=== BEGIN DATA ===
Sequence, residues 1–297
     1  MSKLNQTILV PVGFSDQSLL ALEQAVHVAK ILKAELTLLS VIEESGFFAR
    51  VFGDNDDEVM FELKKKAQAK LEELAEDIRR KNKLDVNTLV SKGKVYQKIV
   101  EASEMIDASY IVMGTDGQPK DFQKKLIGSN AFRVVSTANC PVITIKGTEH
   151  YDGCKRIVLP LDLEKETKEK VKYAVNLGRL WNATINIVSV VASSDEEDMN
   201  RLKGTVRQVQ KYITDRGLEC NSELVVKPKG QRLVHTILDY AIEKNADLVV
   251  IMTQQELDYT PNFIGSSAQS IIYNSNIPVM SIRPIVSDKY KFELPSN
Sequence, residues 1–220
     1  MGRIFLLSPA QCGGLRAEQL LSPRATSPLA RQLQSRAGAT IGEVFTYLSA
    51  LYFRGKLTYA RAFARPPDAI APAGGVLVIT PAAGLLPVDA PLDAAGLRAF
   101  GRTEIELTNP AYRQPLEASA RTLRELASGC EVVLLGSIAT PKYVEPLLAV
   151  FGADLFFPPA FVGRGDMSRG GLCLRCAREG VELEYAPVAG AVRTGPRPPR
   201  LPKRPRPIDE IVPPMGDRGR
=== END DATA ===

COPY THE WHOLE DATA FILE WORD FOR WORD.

Sequence, residues 1–297
     1  MSKLNQTILV PVGFSDQSLL ALEQAVHVAK ILKAELTLLS VIEESGFFAR
    51  VFGDNDDEVM FELKKKAQAK LEELAEDIRR KNKLDVNTLV SKGKVYQKIV
   101  EASEMIDASY IVMGTDGQPK DFQKKLIGSN AFRVVSTANC PVITIKGTEH
   151  YDGCKRIVLP LDLEKETKEK VKYAVNLGRL WNATINIVSV VASSDEEDMN
   201  RLKGTVRQVQ KYITDRGLEC NSELVVKPKG QRLVHTILDY AIEKNADLVV
   251  IMTQQELDYT PNFIGSSAQS IIYNSNIPVM SIRPIVSDKY KFELPSN
Sequence, residues 1–220
     1  MGRIFLLSPA QCGGLRAEQL LSPRATSPLA RQLQSRAGAT IGEVFTYLSA
    51  LYFRGKLTYA RAFARPPDAI APAGGVLVIT PAAGLLPVDA PLDAAGLRAF
   101  GRTEIELTNP AYRQPLEASA RTLRELASGC EVVLLGSIAT PKYVEPLLAV
   151  FGADLFFPPA FVGRGDMSRG GLCLRCAREG VELEYAPVAG AVRTGPRPPR
   201  LPKRPRPIDE IVPPMGDRGR